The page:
In fact, the same study showed that only seven percent of the organic produce contained detectable residues of pesticides compared with 38 percent of conventional produce—something the media also conveniently neglected to mention. Also overlooked were the findings that organic produce contained more compounds known as phenols (which are believed to have cancer-fighting properties), that organic meat contained considerably lower levels of antibiotic-resistant bacteria, and that organic milk was higher in omega-3 fatty acids than conventional milk.
So even if it’s true that organic and non-organic produce have similar amounts of certain vitamins, that hardly makes them identical when it comes to many other nutritional issues.
The number of calories you eat is what determines weight loss.
This is another myth that has been perpetrated by the Diet Establishment for years, but that has recently been disproven. In a small study published in the JAMA: Journal of the American Medical Association, researchers compared three diets containing an equal number of calories—a low-fat diet, a low-carb diet and a low-glycemic diet—and then tracked how many calories people “burned up” on the three different regimes. The low-fat dieters burned the fewest calories and the low-carb dieters burned the most. This demonstrated that it’s not just the number of calories consumed that matters, it’s also where those calories come from. “The low-fat diet that has been the primary approach for more than a generation is actually the worst for most outcomes, with the worst effects on insulin resistance, triglycerides and HDL, or good cholesterol,” said David Ludwig, MD, PhD, one of the researchers involved in the study.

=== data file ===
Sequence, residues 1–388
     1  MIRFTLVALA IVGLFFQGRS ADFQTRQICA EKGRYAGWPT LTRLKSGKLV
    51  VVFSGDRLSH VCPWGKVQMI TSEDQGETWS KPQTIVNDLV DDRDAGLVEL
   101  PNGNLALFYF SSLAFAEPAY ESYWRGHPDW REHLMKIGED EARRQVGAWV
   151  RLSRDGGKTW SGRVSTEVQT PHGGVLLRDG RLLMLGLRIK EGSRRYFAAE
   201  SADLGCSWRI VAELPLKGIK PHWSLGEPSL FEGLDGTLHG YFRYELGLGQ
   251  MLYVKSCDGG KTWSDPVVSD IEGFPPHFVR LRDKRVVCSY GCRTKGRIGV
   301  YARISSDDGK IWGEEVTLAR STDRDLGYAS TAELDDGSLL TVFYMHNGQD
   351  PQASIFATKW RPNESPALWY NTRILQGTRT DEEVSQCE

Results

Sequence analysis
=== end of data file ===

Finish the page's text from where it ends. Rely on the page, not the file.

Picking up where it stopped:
Having a glass or two of wine a day will help prevent cancer.
On the one hand, moderate consumption of alcohol has been shown to be associated with a reduction in cardiovascular risk. On the other, it raises the risk of breast cancer. (The latter finding was only true in women who were deficient in folic acid, however, so make sure you’ve got that covered—nearly all good multivitamins contain 400 to 800 mcg.) Keep in mind: “Moderate” consumption of alcohol means one to two drinks a day for men and one drink a day for women.
You should eat five to six small meals every two to three hours.
This myth came from the idea that eating “boosts” your metabolism. Unfortunately, that’s a misinterpretation of the facts. Yes, a few extra calories are burned by digesting food (called the Thermal Effect of Food, or TEF), but that accounts for only about 10 percent of calories consumed, and is not affected by how often you eat. Another theory behind this myth is that smaller, frequent meals prevent you from getting ravenously hungry, thereby reducing the risk that you’ll pig out at your next meal. But Americans have demonstrated time and again that they don’t know what small means when it comes to food. So you have people scarfing down 200- to 400-calorie “mini-meals” all day long in addition to their big breakfasts, giant lunches and oversized dinners and thus they wind up consuming many more calories at the end of the day.